FYI, I downloaded the tar package source and run "./configure && make pdf" to create a more readable book version of the info manual for tar. Some things like backups are important enough where I will print out the documentation. I find I can learn and retain the info better. (Maybe I'm showing my age)

johncc 01-22-2010 04:05 PM

Quote:

Originally Posted by jschiwal (Post 3836730)
Your script is creating a new name for the .snar file which contains the date.

Thanks for the reply. That's not quite correct, I believe. The .snar file is named with the year and the week number. The tar.bz2 file is named with the year, week number and week day (number). If you look at the output in my original post, the files are Public-2010-03.snar and Public-2010-03-5.tar.bz2, The idea is that the .snar file should keep the same name for a week, meaning that I should get one full backup per week and 6 incremental daily backups.

As you can see, I put the check in to echo if the .snar file exists and is readable when the script runs, and sure enough it does.

jschiwal 01-22-2010 07:42 PM

OK. Sorry I missed that.

This backed files up to a locally mounted external drive and replicated files on a remote location. I did test that only newer files were backed up during an incremental backup. You could do something like:
tar

You did test that the .snar file was present and readable. But you didn't test that it was not empty. Also the script is deleting the snar file in the working directory. Why? It is using the local directory for the snar file in the tar command. I don't trust what is happening with the snar file, or that the snar file is valid when you run the tar command.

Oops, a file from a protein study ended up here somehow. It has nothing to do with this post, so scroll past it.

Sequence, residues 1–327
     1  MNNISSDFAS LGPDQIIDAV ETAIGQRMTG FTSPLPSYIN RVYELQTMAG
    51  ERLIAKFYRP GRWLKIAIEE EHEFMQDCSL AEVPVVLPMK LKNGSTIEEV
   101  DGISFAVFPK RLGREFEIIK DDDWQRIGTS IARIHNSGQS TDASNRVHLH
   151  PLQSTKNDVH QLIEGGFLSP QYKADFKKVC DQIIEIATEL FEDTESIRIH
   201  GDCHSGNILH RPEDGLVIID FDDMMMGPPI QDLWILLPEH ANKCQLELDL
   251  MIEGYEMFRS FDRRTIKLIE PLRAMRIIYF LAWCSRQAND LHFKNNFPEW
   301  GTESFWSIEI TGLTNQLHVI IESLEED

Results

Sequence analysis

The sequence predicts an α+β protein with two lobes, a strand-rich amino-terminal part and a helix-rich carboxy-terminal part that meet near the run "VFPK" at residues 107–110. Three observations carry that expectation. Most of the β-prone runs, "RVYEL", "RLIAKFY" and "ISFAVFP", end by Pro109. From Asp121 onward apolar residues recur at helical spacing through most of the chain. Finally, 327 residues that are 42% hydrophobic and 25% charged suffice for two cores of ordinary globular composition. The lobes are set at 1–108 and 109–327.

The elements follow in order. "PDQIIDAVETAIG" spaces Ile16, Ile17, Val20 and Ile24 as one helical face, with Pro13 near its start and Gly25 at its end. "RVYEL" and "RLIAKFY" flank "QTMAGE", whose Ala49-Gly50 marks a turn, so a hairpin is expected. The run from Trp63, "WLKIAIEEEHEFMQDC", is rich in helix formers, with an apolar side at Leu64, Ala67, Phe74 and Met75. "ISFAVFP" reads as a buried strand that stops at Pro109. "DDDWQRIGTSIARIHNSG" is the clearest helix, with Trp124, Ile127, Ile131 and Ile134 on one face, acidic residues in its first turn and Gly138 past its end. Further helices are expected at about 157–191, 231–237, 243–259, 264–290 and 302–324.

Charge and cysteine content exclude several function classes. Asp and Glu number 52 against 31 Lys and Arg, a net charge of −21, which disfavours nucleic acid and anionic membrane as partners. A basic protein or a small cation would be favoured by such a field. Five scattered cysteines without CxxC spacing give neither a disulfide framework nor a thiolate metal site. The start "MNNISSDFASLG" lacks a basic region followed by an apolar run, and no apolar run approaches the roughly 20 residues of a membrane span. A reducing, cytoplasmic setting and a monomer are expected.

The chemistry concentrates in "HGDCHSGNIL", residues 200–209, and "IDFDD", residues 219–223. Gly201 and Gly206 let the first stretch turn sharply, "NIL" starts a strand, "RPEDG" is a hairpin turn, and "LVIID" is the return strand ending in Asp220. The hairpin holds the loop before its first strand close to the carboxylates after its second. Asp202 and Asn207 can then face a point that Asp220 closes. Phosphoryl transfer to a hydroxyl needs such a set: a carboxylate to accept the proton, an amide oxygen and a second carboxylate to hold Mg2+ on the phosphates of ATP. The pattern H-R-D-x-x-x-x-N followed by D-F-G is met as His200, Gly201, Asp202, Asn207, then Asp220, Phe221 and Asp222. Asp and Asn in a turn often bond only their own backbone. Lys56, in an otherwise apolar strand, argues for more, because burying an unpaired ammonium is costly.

I have in the past used something like:
tar -C <base_dir> --create --listed=incremental=<snar file> -f - <dir list> | tee /mnt/backups/<backup_name> | ssh user@host tar -C <remote_base_dir> -xvf - >logfile

You could do something like:
tar --verbose --create --ignore-failed-read --listed-incremental="${working_dir}/${listname}" --bzip2 \
--file - "$src_dir" |
ssh ${user}@${dest_addr} cat >${dest_dir}/${destname}

This way you don't need to have space available to create a temporary archive.

In any event, I would keep the .snar file available locally and not remove it.

jschiwal 01-22-2010 07:55 PM

Sorry I didn't look close enough at that.

However,

( rm -f "${working_dir}/${basename}"*.tar.bz2 ; rm -f "${working_dir}/!(${basename}).snar" )

the snar file is getting deleted after the files are copied to the destination. The .snar file is modified when you run tar. You need to reuse the modified .snar file when performing the next incremental backup.

Given the line above, I don't trust the results of the tests. They test for the existence of the .snar file, and its readability, but it could be empty or not updated.